June 23, 2010

Giant Veggie Potstickers

As spring moves on into summer, our CSA box is getting more substantial (and quite heavy. I'm glad the pick-up spot is two blocks away!). This past week, we received:

1 head broccoli
1 bunch red beets
1 head curly endive
1 head Napa cabbage
1 head Romaine lettuce
1 head radicchio
1 head white cauliflower
2 yellow squash
1 bunch green shallots
1 head green Bibb lettuce

(No pictures were acquired- sorry!)

Yes, I had to somehow squeeze seven "heads" into our fridge- the produce drawers were stuffed to the max, and several items couldn't quite fit in (leading to some wilted green onions, but oh well. Is there some way to make the entire fridge humid?) Spring is definitely lettuce season, and so we have been eating what seems like endless amounts of salad. J swears she would never get tired of salad, but frankly, I think I might be reaching my limit.

All of this week's items are quite familiar to us, but not necessarily ones we would buy on a regular basis. I wasn't really quite sure what to do with the Napa cabbage- for those of you who don't know, it is sort of a cross between crisp lettuce, white cabbage, and bok choy. It originates in China, and therefore is often used in Asian style dishes. Last week, I created a cabbage stir fry with a soy sauce based dressing, but this week I wanted to more deeply explore my Napa options.

First stop: TasteSpotting. Yes, you've heard it here before, but seriously, I'm not sure what I would do without this website. A search for Napa cabbage spit out a handful of options, and I decided to run with the vegetarian potstickers. A little bit random, something I would never think to make myself, and a good first "trial" use for a vegetarian protein J and I have never tried before-- tempeh. We like tofu, but we've never branched out into the realms of tempeh and seitan, other forms of vegetarian protein that can be used in ways that tofu can't. Tempeh, like tofu, is made from soybeans, but is more naturally processed and uses the whole beans in its creation. There may or may not be a fermentation stage. Sounds kind of strange, looks kind of strange, but hey, we're always interested in trying out new foods.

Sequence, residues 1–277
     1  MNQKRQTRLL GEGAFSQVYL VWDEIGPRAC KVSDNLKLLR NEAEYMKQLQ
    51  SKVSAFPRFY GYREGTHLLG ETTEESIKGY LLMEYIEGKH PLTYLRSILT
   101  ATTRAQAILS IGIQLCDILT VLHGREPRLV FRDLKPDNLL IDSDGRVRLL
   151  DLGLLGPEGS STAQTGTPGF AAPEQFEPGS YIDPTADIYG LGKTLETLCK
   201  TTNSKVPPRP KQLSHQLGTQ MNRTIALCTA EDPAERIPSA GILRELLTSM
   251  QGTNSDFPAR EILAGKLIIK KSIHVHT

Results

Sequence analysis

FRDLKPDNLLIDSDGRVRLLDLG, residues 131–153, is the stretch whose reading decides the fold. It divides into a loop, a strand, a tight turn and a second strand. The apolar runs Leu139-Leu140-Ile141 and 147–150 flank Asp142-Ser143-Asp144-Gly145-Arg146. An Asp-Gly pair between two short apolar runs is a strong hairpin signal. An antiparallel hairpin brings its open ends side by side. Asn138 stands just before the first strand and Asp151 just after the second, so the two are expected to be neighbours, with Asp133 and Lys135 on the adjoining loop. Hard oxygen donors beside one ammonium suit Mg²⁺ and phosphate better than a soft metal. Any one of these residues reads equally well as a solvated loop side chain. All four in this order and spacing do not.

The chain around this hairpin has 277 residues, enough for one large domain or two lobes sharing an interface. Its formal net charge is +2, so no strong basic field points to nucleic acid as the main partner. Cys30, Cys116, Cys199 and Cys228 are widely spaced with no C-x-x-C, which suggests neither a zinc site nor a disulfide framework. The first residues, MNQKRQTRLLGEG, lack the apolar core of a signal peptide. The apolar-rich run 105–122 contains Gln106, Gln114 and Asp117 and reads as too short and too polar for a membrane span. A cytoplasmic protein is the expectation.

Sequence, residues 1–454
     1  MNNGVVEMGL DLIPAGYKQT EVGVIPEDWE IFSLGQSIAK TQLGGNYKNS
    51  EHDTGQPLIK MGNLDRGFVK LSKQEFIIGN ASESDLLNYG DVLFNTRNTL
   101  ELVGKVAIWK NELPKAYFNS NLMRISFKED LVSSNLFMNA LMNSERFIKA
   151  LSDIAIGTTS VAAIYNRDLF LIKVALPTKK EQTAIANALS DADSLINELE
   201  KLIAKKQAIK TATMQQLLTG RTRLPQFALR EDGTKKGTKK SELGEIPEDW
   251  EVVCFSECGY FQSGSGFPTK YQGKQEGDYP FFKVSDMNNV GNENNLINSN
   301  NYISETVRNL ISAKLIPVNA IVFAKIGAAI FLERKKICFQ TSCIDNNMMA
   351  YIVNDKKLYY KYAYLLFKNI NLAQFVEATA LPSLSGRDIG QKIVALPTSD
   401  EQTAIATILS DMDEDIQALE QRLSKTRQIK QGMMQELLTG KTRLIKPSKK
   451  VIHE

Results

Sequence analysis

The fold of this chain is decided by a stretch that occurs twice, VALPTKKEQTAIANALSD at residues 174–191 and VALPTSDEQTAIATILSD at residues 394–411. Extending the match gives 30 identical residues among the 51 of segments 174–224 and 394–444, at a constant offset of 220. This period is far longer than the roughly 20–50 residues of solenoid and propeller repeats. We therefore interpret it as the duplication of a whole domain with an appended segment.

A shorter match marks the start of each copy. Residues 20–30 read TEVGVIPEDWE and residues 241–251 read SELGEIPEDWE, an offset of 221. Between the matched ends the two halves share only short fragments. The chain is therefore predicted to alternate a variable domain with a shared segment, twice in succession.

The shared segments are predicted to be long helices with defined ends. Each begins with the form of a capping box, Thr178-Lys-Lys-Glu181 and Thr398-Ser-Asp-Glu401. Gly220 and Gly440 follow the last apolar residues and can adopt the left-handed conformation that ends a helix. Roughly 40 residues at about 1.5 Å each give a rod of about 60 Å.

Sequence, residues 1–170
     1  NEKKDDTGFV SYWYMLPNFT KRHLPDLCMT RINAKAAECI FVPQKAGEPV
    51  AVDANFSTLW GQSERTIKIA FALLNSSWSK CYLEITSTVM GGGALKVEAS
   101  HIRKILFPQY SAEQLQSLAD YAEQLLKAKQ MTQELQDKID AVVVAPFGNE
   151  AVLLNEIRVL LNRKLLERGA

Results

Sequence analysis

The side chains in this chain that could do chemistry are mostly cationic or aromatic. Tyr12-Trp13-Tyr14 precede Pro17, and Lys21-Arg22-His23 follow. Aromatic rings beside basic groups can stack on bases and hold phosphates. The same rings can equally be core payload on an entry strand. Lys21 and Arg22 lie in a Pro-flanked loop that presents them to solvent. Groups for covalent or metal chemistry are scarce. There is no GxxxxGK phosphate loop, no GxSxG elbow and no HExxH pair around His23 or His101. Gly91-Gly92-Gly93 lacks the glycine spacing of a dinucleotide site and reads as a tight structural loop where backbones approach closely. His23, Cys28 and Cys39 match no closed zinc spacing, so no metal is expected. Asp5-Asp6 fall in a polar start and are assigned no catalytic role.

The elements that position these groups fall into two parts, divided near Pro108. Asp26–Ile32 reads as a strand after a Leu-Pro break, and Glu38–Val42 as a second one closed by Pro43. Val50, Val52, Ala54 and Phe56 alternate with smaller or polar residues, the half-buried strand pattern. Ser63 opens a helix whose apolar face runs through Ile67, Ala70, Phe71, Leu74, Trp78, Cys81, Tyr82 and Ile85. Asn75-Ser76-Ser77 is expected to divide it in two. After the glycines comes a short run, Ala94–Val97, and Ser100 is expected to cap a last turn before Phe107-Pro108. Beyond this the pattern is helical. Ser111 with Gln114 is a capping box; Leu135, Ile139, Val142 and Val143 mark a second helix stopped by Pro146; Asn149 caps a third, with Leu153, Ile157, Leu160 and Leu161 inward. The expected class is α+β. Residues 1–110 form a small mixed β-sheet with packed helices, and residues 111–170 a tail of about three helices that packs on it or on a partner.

Vegetarian Potstickers (adapted from this recipe):

1 package LightLife TempehTations, Ginger Teriyaki Flavor
2 cups thinly sliced Napa cabbage (about half of a large head)
3-4 green onions, sliced
6-8 baby Portabella mushrooms (halved, and then sliced)
2 T white cooking wine
1 T soy sauce
1 T sesame oil
8-9 Nasoya Egg Roll Wrappers

When browsing the options at our grocery store, we realized that we couldn't use plain tempeh-- they simply did not sell it. However, they did sell a tempeh-based product that was conveniently already flavored with Asian-y spices and sauces. A little disappointed I wouldn't be able to follow the original recipe, but less work for me. I also had the option of wonton wrappers and egg roll wrappers- basically the same thing in two different sizes. Technically, I should have gone with the wonton wrappers, as potstickers are usually on the small side. I had planned the potstickers as the base of our meal, so I went with the larger egg roll wraps instead.

The first step is browning the tempeh. I opened up the package and was greeted with some brownish cubes in a bit of sauce. As I dumped them into the pan, they started to fall apart pretty quickly. This product is a mix of soy and brown rice (which is common in tempeh making), and more closely resembled the latter. After a few minutes in the pan, it started to brown up (alright, it was already brown. It began to get a bit crispy). I gave it a quick chop and transferred it to a bowl, and then added the cabbage to the hot pan.